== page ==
Moreover, in this framework, more and more importance is given to equipping the new generations with the tools – knowledge, skills, attitudes, and values – to live in a plural and interconnected world. This is a delicate matter indeed in Europe. It is the issue at stake for the encounters – and at times clashes – between old and new visions and forms of pluralism and secularism. Around this theme are developed educational policies and strongly heterogeneous curricula. Such topic is linked also to the variability in young people’s competences and attitudes towards cultural otherness (12).
Lastly, we would indicate another question of notable importance at international level: life-long learning (13). This is perhaps the most innovative project as it implies both a diverse temporal horizon for education and its link to the world of work. And a different approach to the relationship between school and extra-scholastic (life-wide) learning is also implied. From this stems the necessity of greater investment for example in both the early years (ECEC) (14) and the adult education (15). We might ask, however, how much has been done to achieve this goal, and whether it risks remaining a fascinating but largely unfinished project for a long time (16).
Stream chairs: Luciano Benadusi, Alessandro Cavalli, Bruno Losito, Herman J. Abs, Alberto Marinelli, Giovanni Moro, Milena Santerini, Piero Valentini (corresponding streamer, email@example.com).
Keywords: education, citizenship, democracy, global issues, digital media, schools, universities, didactics
Within a general rethinking of the aims and the means at the disposal of our education systems, which have been necessary for quite some time and which the crisis wrought by the global pandemic has rendered even more urgent, the first question that we propose to the conference is whether until now enough has been done to educate towards citizenship and democracy and whether the various national educational systems have adopted this issue as their fundamental mission (1).
A second group of questions derives from some crucial challenges – such as the dramatic deterioration of the biosphere, the climate and the health – which impose both the necessity of rethinking this mission in a planetary context and redefining the “citizenship” as a concept not merely national, but multi-level, that is ranging from global to local; and in our continent European, too. How deeply are our nations presently involved in the task of educating their citizens in terms of knowledge of global and trans-national issues (2)? And are they striving to build a collective common consciousness in Europe (3)? What help is being given in this sense by proposals elaborated and experiences promoted by international organizations or the EU (4)?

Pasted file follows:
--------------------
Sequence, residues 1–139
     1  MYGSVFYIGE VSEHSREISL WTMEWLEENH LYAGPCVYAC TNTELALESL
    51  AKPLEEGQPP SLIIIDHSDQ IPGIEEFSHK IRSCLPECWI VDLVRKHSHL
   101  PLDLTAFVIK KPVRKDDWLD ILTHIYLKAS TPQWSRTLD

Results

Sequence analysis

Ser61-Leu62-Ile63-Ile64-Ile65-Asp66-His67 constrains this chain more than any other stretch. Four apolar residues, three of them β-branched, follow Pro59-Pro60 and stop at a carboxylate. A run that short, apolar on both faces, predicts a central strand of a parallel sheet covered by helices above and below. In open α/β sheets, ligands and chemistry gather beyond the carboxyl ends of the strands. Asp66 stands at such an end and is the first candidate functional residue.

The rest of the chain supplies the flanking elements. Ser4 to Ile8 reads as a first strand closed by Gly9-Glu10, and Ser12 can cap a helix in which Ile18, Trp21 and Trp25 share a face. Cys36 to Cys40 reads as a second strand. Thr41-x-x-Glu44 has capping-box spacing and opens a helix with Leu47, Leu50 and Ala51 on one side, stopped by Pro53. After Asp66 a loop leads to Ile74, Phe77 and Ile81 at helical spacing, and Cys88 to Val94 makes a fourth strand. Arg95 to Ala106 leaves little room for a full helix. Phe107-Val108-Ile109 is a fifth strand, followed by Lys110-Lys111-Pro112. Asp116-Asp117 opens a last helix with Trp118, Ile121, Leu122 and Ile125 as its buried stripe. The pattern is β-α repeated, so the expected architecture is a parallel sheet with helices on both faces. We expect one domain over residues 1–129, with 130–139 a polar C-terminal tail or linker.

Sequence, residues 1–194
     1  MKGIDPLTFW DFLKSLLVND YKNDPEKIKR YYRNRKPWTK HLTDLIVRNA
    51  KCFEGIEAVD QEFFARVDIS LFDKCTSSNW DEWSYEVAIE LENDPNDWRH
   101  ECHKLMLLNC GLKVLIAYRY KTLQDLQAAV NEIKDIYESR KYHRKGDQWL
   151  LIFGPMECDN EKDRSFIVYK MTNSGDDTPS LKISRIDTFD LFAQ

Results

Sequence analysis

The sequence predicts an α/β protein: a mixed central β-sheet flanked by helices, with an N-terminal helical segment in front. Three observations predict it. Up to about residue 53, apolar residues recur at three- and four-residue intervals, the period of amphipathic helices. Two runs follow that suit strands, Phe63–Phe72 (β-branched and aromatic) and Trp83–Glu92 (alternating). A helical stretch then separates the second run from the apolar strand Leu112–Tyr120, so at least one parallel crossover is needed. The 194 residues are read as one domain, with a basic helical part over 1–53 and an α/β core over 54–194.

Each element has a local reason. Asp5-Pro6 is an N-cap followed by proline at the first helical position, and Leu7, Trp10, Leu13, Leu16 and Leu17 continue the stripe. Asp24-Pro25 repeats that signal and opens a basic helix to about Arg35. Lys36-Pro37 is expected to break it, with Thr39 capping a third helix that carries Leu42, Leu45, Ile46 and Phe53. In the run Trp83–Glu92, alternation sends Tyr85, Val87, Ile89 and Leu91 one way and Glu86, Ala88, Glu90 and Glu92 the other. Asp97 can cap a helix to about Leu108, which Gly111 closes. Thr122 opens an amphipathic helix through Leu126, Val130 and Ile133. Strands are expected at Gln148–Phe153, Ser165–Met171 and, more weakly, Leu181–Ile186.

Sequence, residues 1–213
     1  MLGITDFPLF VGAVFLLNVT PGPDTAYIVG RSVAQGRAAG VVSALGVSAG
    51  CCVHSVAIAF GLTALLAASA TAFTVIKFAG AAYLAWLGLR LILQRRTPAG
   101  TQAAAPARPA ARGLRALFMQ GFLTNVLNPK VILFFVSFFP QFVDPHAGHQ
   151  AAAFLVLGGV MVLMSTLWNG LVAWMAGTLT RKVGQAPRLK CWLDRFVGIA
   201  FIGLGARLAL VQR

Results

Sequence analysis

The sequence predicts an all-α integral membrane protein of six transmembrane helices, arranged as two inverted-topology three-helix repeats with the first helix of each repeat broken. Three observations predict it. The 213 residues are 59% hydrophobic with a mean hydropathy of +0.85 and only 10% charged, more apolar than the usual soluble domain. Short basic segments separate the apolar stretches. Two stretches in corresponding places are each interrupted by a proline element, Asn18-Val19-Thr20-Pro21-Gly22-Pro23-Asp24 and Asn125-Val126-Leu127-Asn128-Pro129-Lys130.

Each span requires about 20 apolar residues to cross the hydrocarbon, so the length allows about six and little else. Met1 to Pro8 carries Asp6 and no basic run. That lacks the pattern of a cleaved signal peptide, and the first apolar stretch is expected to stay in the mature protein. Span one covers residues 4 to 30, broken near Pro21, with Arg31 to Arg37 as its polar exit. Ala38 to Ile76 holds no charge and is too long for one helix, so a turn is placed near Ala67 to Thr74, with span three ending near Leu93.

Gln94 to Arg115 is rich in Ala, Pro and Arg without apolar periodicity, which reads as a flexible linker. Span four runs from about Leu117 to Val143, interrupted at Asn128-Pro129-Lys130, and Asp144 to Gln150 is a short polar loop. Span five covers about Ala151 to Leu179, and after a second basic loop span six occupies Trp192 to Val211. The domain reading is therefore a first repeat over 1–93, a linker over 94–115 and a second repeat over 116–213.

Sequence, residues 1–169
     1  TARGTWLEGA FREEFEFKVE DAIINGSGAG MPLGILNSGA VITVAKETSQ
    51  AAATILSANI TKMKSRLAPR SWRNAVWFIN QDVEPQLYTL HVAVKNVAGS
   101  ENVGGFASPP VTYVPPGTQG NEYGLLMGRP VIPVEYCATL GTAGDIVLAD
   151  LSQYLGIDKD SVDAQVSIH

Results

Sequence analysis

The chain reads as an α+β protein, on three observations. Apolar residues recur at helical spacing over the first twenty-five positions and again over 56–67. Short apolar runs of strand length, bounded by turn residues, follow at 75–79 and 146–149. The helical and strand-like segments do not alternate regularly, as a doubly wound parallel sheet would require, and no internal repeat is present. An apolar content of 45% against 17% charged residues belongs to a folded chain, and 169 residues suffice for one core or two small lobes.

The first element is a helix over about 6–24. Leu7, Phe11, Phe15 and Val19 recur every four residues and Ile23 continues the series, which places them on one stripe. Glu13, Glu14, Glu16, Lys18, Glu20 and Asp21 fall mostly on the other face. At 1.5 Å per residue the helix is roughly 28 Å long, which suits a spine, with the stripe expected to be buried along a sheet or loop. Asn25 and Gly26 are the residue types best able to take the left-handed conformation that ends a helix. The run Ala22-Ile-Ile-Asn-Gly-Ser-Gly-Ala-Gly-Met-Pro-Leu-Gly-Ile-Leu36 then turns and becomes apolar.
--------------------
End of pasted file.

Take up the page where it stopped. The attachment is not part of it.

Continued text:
A third group concerns the creeping crisis afflicting democracy and popular disaffection with its principles and rules, a phenomenon highlighted by various research (5). This, together with the impact of social networks, in turn gives way to the diffusion of political tendencies of an authoritarian and populist nature even in countries with a a liberal-democratic regime, and more frequently where its socio-cultural roots are most fragile. (6) Does education represent a bulwark against them and what research tells us about the variability of values, attitudes, and political preferences of people according to their level of education (and age) (7)? How can it become a hotbed of liberal-democratic values and competencies, including the ability to make a critical use of digital information (8)? Furthermore, despite the coercion exerted on them are universities to some extent a social and cultural resource for change also within autoritarian regimes (9)?
Finally, starting from infant and primary schools, what weight does citizenship education have in schools, what approaches are adopted and what have shown to be the most effective (10)? What didactics are applied and what seem to be the most promising experiences (11)? To what extent are teachers prepared and motivated and students interested in it (12)? Universities and adult education should also play a role in citizenship education. What proposals and significant experiences can be described and examined (13)?
Stream chairs: Federico Butera, Fiorella Farinelli, Laura Formenti, Andrea Galimberti, Gabriele Pinna (corresponding convenor, firstname.lastname@example.org), Marco Pitzalis
Keywords: education, work, training, employment